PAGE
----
One often-heard complaint about the K-7 and long exposures is that there is no option to disable dark-frame-subtraction. Since the OP says he is new to digital photography, perhaps a bit of explanation is in order.

With any digital camera, the sensor is, of course, electronic. In any electronic device, there is a phenomenon called "noise". This is like static on a radio. It is unwanted electrical signals. In a digital camera, this noise degrades the image, and appears a little like grain in film. It is most prevalent in dark areas of an image and at higher ISO settings. It also shows up more in long exposures.

Dark frame subtraction is a technique that many camera makers use to try to minimize the effect of noise. First you take a picture at, say, 60 seconds. The camera then takes another picture of equal length, but this time, with the shutter closed. The idea is that any pixels that are illuminated in the second image are, by definition, noise. This second image is then used to "subtract" the noise from the first image, theoretically resulting in a better image.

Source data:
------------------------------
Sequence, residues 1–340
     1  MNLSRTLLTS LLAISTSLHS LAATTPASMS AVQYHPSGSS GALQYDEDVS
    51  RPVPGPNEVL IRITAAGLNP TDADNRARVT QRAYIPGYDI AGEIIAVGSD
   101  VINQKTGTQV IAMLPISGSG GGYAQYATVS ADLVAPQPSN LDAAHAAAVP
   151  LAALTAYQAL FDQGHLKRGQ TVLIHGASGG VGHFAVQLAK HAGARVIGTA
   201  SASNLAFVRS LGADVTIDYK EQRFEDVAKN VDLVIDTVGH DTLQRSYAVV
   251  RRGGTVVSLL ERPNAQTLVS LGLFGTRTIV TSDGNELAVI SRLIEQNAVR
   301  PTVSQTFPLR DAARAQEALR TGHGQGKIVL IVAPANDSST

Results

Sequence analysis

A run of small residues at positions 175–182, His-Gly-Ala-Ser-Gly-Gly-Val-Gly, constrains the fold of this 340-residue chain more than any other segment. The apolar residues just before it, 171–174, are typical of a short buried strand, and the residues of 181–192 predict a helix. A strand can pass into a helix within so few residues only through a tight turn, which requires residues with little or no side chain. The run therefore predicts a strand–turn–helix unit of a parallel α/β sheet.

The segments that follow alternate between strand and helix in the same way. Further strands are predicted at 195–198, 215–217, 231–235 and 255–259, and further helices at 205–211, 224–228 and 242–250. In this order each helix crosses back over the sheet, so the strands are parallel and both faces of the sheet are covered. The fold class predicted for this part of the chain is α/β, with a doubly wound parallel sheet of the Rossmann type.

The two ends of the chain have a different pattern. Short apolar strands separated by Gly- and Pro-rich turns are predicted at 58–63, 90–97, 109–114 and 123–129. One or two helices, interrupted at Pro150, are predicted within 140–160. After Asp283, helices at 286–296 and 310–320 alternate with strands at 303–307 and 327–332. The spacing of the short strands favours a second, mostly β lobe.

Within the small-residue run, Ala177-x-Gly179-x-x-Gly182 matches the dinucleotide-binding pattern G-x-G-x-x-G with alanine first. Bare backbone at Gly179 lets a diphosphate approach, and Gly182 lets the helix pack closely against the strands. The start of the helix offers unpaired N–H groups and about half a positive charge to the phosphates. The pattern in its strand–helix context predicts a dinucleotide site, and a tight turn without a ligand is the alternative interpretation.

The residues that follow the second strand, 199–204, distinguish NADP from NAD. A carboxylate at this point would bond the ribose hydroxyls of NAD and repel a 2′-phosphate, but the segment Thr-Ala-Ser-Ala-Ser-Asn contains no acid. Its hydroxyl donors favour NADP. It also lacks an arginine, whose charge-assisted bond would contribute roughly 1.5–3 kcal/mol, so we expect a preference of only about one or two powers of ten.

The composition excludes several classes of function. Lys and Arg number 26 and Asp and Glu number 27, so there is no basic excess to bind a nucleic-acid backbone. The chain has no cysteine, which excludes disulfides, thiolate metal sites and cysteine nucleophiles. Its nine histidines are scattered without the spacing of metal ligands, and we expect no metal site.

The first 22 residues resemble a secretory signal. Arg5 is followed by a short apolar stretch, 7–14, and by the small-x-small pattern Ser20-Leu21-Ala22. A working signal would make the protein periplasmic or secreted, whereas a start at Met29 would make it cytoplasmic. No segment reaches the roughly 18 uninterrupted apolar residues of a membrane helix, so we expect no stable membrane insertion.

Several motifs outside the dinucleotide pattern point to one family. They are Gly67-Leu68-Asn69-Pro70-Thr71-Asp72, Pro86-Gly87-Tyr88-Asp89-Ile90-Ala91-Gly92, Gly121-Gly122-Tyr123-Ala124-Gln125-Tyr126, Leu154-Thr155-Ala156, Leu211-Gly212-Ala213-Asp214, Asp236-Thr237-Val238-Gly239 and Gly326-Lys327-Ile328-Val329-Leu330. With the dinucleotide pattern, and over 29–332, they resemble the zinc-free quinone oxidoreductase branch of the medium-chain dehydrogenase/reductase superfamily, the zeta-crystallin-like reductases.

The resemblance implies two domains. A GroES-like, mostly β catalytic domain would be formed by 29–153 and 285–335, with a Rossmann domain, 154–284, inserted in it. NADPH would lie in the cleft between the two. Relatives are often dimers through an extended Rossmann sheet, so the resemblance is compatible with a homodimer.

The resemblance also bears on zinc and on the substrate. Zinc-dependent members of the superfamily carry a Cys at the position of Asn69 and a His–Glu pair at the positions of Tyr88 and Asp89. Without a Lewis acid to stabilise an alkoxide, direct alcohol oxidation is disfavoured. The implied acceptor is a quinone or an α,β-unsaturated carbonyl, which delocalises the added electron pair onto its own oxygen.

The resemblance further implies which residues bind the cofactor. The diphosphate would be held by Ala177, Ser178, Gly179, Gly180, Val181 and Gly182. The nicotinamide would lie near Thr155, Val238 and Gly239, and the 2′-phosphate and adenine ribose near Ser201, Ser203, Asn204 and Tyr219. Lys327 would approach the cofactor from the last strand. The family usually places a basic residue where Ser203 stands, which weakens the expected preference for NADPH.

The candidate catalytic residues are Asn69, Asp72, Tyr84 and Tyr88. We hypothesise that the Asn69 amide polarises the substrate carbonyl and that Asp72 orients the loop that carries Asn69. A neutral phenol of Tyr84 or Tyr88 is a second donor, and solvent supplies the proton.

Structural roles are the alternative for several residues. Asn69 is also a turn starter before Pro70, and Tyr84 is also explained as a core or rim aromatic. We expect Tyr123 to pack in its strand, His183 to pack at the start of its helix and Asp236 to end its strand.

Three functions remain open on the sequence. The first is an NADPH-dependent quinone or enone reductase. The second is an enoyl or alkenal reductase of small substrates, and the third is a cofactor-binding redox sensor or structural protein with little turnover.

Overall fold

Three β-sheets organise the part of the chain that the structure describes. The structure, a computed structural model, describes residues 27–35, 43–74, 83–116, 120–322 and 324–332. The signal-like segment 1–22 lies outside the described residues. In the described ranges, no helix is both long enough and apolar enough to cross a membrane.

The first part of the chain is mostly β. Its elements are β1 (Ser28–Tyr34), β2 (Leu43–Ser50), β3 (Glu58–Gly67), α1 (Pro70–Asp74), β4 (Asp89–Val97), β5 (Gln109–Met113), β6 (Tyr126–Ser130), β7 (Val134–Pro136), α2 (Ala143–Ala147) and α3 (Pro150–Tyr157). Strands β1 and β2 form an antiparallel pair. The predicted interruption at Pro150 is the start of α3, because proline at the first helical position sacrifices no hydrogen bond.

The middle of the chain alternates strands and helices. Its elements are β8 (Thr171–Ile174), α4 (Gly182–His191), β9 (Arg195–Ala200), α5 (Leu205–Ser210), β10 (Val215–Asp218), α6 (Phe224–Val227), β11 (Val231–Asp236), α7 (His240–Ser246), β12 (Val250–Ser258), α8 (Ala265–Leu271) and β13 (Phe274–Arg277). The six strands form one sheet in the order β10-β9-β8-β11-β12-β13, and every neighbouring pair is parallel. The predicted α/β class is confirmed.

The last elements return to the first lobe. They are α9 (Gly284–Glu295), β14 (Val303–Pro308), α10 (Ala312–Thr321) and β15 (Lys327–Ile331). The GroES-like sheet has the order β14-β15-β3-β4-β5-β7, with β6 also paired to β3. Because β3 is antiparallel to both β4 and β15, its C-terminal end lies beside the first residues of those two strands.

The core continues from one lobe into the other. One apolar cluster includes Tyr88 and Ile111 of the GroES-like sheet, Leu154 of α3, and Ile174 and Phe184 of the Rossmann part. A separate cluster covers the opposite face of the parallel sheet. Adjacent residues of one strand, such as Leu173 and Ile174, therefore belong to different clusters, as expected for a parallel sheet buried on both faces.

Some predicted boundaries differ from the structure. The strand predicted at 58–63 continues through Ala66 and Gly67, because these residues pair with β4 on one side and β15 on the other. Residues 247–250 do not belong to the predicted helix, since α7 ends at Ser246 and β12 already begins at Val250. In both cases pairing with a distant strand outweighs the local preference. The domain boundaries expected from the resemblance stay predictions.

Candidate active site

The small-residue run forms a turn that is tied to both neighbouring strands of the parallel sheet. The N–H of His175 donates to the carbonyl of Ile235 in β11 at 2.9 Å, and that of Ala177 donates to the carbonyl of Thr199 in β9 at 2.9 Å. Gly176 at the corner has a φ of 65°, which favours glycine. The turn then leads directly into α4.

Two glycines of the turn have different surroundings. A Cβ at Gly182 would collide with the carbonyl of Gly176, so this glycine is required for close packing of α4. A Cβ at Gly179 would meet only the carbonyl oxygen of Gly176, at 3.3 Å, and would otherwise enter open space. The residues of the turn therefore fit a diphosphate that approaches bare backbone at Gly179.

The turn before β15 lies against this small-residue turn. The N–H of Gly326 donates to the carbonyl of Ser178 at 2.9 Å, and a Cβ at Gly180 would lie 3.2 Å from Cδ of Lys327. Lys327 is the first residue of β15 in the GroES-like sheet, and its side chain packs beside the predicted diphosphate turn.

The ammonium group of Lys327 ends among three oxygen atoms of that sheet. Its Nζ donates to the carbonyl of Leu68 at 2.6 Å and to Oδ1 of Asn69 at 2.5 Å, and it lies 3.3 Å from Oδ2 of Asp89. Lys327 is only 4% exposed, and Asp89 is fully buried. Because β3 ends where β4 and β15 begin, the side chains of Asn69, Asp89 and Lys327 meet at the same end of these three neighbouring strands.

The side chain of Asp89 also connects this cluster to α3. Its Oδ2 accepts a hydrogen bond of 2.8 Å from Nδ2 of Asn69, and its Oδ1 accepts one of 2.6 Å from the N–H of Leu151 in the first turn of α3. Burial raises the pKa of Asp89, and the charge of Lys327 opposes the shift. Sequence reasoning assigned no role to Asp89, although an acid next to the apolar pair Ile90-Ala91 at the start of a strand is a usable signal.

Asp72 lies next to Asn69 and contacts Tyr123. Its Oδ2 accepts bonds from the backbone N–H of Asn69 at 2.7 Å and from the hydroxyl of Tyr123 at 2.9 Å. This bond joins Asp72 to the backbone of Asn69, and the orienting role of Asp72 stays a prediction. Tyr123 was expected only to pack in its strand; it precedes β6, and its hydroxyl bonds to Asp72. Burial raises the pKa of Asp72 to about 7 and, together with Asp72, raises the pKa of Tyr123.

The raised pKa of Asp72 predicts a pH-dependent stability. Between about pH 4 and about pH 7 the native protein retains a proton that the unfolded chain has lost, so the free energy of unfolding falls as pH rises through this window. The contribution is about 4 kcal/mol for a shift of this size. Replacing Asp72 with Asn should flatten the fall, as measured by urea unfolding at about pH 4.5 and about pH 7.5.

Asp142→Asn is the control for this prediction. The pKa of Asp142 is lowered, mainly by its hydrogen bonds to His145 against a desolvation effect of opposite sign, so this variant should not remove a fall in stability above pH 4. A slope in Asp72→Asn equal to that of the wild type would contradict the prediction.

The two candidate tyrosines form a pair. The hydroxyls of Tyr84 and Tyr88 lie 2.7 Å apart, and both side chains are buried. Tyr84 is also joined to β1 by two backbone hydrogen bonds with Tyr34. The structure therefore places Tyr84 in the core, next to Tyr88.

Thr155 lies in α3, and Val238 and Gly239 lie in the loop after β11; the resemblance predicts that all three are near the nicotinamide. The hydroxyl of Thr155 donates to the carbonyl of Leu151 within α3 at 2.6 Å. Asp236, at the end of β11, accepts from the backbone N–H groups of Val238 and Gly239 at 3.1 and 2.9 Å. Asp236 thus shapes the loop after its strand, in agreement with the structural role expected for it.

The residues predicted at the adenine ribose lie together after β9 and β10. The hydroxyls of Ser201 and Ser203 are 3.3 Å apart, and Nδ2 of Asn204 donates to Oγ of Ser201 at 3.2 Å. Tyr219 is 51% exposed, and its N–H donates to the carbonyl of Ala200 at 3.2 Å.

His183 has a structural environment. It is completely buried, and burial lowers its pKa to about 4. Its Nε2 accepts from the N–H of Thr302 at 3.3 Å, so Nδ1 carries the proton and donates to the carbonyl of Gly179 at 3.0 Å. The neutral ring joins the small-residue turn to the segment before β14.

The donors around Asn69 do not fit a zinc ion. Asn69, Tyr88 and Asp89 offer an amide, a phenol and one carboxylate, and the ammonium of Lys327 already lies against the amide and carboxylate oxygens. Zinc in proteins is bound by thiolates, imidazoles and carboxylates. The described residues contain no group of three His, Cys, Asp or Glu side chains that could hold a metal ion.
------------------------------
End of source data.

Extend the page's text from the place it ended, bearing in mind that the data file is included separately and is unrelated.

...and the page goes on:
Many users are confused and frustrated by this. It can be annoying, if you're taking very long exposures of several minutes. The camera is not ready to take anouther picture for a length of time equal to the exposure you just did. So, if you take a five minute exposure, the camera is not ready to take another picture for five full minutes after the exposure is complete.

Some Pentax cameras allow you to turn this feature off. The K10D allowed this, but I don't think that any newer Pentax cameras do. I'm almost positive that the K-7 does not, but I've heard that perhaps the brand-new K-5 does allow it to be turned off.
11-05-2010, 07:58 AM   #10
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Many thanks to all posters. I think after, reading them, that I will wait until reviews on the K-5 appear and see which looks like the better option. Hopefully the price will have come down a bit in the meantime.

David Franklin.

Last edited by velvia; 11-05-2010 at 07:59 AM. Reason: Memory loss.